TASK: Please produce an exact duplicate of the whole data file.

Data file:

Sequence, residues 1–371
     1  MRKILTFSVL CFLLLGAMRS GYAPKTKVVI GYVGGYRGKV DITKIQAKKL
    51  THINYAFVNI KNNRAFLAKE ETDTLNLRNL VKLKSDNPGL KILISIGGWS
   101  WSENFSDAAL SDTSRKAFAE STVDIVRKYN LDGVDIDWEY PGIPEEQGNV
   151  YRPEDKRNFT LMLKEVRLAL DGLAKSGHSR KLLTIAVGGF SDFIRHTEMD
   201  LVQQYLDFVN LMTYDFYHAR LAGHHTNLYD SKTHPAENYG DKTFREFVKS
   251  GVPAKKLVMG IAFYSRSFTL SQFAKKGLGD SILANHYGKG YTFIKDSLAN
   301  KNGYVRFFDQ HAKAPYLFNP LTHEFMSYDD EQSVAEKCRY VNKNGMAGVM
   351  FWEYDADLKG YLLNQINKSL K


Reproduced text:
Sequence, residues 1–371
     1  MRKILTFSVL CFLLLGAMRS GYAPKTKVVI GYVGGYRGKV DITKIQAKKL
    51  THINYAFVNI KNNRAFLAKE ETDTLNLRNL VKLKSDNPGL KILISIGGWS
   101  WSENFSDAAL SDTSRKAFAE STVDIVRKYN LDGVDIDWEY PGIPEEQGNV
   151  YRPEDKRNFT LMLKEVRLAL DGLAKSGHSR KLLTIAVGGF SDFIRHTEMD
   201  LVQQYLDFVN LMTYDFYHAR LAGHHTNLYD SKTHPAENYG DKTFREFVKS
   251  GVPAKKLVMG IAFYSRSFTL SQFAKKGLGD SILANHYGKG YTFIKDSLAN
   301  KNGYVRFFDQ HAKAPYLFNP LTHEFMSYDD EQSVAEKCRY VNKNGMAGVM
   351  FWEYDADLKG YLLNQINKSL K